For Midwest native Alexander 23, it's been a fast trip from bedroom-recording obscurity to performing at one of the country's most prestigious music festivals.

Alexander 23 has only an EP's-worth of music under his belt, but he's nevertheless impressed industry big wigs enough to be invited to Perry Farrell's Chi-Town festival stalwart. His latest offering is "Sad," which will be accompanied by a video in the near future. He announced himself earlier this year with "Dirty AF1s," a track whose seriousness, in typical Alexander 23 fashion, is belied by its video's warped sense of humor. That odd interplay, between the solemn and the silly, has become something of his calling card. In addition to the upcoming appearance in Chicago (8/1), Alexander plans to fill out his summer opening for mxmtoon (8/19-10/31) and Omar Apollo (12/10-12/15).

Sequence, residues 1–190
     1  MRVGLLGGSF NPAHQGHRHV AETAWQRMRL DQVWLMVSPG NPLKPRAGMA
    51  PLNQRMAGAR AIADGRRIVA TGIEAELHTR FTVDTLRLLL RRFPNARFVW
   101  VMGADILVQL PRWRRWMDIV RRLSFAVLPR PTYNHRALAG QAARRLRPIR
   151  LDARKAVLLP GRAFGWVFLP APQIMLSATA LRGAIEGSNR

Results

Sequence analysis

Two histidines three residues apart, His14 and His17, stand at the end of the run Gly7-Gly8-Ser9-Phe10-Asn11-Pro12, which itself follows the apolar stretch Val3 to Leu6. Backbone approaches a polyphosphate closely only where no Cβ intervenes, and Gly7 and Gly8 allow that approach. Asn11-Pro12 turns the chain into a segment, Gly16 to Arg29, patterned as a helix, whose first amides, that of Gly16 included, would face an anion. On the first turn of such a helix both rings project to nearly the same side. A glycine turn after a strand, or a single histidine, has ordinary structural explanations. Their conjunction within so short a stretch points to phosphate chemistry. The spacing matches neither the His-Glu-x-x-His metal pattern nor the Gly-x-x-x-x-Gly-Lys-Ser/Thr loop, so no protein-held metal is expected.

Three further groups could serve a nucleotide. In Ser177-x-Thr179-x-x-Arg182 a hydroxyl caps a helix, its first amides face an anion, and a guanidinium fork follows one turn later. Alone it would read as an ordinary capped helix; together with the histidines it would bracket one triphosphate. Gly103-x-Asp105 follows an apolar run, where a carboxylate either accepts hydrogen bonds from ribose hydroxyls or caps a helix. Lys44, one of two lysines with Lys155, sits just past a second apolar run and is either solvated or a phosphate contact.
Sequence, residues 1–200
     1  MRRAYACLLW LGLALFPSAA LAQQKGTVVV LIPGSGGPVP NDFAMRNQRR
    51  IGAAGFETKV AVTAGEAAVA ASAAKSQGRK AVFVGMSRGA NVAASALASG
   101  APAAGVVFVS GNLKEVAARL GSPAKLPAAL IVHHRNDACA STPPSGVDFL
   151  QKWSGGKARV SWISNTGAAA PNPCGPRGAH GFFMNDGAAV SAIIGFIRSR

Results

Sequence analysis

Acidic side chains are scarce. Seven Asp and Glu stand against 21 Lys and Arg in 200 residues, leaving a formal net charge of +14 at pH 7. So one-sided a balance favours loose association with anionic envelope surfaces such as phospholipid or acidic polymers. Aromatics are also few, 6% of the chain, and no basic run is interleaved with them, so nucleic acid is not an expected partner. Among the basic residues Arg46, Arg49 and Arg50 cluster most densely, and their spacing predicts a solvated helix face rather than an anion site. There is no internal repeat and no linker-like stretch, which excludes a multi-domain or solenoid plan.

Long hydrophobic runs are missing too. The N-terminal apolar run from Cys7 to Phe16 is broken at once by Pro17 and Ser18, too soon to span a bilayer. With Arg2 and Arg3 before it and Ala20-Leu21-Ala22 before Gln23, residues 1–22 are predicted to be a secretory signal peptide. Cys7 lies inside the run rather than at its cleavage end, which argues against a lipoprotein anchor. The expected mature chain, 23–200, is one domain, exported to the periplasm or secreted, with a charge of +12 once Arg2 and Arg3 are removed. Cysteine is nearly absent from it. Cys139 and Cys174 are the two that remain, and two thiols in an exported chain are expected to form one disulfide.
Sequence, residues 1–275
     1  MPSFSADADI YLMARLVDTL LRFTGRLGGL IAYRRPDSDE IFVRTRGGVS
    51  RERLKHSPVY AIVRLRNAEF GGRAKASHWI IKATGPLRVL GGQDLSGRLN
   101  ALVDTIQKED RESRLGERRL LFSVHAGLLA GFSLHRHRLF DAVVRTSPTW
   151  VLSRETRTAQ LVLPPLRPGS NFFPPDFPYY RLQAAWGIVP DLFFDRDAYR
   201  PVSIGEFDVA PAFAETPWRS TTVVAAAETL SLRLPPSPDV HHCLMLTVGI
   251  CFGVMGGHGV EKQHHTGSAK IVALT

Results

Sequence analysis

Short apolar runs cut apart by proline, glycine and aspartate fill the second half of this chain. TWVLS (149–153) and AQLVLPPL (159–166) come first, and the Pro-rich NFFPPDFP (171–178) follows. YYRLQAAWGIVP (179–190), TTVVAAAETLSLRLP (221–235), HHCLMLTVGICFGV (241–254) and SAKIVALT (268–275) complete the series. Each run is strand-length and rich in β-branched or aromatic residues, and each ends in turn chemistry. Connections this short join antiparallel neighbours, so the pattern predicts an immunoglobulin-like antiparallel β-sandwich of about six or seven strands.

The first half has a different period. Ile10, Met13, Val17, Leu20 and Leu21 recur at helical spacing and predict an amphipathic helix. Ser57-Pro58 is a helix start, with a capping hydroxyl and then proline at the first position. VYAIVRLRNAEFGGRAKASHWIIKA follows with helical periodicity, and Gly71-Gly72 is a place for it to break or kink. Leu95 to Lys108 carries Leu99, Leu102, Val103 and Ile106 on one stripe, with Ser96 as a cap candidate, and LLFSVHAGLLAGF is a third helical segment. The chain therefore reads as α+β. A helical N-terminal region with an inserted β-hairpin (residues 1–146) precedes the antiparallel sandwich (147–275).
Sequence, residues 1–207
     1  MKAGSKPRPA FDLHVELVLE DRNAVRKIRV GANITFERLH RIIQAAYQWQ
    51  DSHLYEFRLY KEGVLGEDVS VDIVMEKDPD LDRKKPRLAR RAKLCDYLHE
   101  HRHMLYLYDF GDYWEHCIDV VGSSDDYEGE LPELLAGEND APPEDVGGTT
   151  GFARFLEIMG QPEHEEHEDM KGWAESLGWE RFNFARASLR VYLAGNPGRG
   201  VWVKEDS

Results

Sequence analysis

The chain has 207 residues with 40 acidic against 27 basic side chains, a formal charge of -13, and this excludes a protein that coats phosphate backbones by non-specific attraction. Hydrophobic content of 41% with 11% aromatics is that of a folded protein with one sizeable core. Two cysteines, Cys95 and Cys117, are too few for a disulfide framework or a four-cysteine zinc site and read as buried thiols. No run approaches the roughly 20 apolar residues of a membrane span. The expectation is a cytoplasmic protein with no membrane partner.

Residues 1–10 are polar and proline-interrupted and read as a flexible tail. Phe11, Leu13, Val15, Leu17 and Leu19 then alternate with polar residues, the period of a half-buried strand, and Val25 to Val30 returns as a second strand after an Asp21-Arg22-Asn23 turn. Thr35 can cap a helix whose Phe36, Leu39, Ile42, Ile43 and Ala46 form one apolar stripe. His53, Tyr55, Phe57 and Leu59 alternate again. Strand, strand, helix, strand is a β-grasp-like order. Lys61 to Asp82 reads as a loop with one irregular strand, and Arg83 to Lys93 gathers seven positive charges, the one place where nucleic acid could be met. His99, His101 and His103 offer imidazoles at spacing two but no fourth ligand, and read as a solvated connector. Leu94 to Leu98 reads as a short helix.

Where are you from?

I'm from Chicago originally. I lived in New York for four years and moved to Los Angeles one year ago.

Cool. I just watched a video - I don't know if it's the official video - for "Sad." It was just a single, stationary shot of a rainy New York street.

Yeah, I was in New York two weeks ago, and I shot that on my iPhone, over on Perry Street in the West Village.

Give me, if you could, an idea of how you got into music.

My dad played guitar a bit, and when I was eight, I tried it; I hated it, and quit. [laughs] But then I picked it up again later, and it became an obsession: when other kids were playing video games, I was playing guitar. I've since branched out to piano, bass, drums.

And this is in the Chicago area?

Yeah, exactly.